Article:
Most entrepreneurs who run a business from their home probably started out with a dream. A dream of working in peace without the bustle of the office; of setting their own hours, and of spending more time with their families. So it’s ironic that it can be such a nightmare to achieve any of those things when the school holidays roll around.
But there’s hope. Between the wails for attention and the physical endurance demanded by the relentless energy of youth, you just might be able to squeeze in a bit of work with these quick tips.
Get a head-start
As always, prior preparation is vital to your performance. So long before school breaks up, get a solid plan in place:
1. If you can, get your most crucial and long-term projects out of the way during term time.
2. Schedule the work that requires your full attention for the daylight hours when the kids are out playing. Save the low-concentration work for when you’re more likely to be interrupted.
3. If you’ve got business partners or employees who don’t have kids to worry about, offer an exchange: you can help them out with their workload during term time, as long as they’ll help you out during the holidays.
Keep things separate
Your work deserves your full attention. But so do your kids. You don’t want them messing around with the boiler timer switch while you’re on a conference call, and they don’t want to see you replying to emails in the middle of a garden football match. So find ways to fully divide your time:
4. Share play-dates with other local parents and their kids. The long periods of solitude should just about balance out the times when you’ve got twice as many little terrors to entertain.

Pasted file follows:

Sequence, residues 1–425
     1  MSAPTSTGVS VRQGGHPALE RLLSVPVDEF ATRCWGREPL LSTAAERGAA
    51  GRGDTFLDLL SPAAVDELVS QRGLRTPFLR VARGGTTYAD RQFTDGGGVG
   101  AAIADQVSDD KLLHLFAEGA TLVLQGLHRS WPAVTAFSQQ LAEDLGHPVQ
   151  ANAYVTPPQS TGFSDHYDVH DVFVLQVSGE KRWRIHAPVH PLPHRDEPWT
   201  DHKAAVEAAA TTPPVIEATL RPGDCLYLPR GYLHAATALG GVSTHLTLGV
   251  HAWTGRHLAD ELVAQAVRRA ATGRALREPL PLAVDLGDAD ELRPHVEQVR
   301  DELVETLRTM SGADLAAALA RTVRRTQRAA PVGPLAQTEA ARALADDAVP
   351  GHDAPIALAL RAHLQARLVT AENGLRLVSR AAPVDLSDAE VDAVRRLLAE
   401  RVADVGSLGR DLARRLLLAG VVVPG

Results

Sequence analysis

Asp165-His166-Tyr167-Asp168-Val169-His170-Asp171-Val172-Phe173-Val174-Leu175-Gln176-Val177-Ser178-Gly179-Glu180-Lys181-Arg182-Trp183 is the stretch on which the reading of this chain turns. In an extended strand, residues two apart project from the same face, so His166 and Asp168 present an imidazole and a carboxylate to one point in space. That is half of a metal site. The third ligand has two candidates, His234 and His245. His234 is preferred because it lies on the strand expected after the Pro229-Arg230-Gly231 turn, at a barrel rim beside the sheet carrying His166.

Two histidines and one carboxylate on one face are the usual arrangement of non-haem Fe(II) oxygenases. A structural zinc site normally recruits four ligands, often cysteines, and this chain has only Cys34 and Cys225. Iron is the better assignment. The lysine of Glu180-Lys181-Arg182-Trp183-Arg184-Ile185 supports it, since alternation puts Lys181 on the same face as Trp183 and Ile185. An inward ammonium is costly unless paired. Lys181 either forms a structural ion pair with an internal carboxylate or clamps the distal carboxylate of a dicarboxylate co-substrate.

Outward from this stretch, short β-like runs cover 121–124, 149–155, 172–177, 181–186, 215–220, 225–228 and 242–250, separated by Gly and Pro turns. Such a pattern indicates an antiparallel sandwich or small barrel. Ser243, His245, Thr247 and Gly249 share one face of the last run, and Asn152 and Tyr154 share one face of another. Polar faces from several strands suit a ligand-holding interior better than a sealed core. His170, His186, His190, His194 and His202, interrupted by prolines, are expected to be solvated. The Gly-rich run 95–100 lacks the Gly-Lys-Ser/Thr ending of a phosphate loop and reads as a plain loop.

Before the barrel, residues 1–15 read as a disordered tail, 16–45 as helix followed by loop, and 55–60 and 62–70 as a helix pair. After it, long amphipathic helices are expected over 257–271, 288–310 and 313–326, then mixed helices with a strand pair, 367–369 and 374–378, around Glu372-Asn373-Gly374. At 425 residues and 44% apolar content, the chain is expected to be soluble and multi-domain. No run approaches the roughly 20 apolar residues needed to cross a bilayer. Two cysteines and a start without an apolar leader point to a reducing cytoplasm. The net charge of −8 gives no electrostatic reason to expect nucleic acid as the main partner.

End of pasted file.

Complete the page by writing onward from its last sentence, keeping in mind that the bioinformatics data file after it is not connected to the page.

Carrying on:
5. Get them involved in something fun – and far away. Local leisure clubs usually have loads of different sports days and part-time summer camps for a day or two a week, and if you can find something the kids are into, it’s a win-win situation.
6. Accept that you won’t get all the sleep you want. Work later into the evenings, when the kids have gone to bed. And if they’re old enough to be trusted, prepare their breakfasts the night before so you can get a little extra lie-in.
7. If you can afford it, get a virtual assistant to take care of the less important tasks. Sorting emails, taking phone calls and paying invoices and bills are all daily things that a part-time freelancer could get done for minimal cost – giving you more quality time with the family.
If you want to maintain a healthy work-life balance – while still maintaining your composure – you need to accept that you can’t do it all.
8. Manage your own expectations. Don’t bite off more than you can chew – think realistically about how much work you should be trying to take on, and how much longer that work’s going to take when you’ve got kids to attend to.
9. Manage your customers’ expectations. Hopefully, if you have a good relationship with them, they’ll be fairly understanding of what it’s like to be a home-working parent during the holidays. And if they’re not, just be honest with them: they should at least appreciate being given some advance warning of your lack of availability.
10. Manage your kids’ expectations. Unless they’re especially young, they should be able to understand that they can’t have you 24 hours a day. Be clear from the outset that you’ll make time for them, time for your business and also time for yourself.
Adapt to your kids’ needs
Every child is different. And no one knows their quirks better than you. So if they’re usually hyperactive in the mornings, take them to the park early in the morning and wear them out with some sports. Or if they’re usually sleepy in the afternoons, stick on a film and get as much work done as you can.
It’s not always easy to strike the right balance, and there’s no such thing as a perfect parent – or a perfect business-owner. But with careful planning and a little innovation, you should be able to get the best of both worlds.
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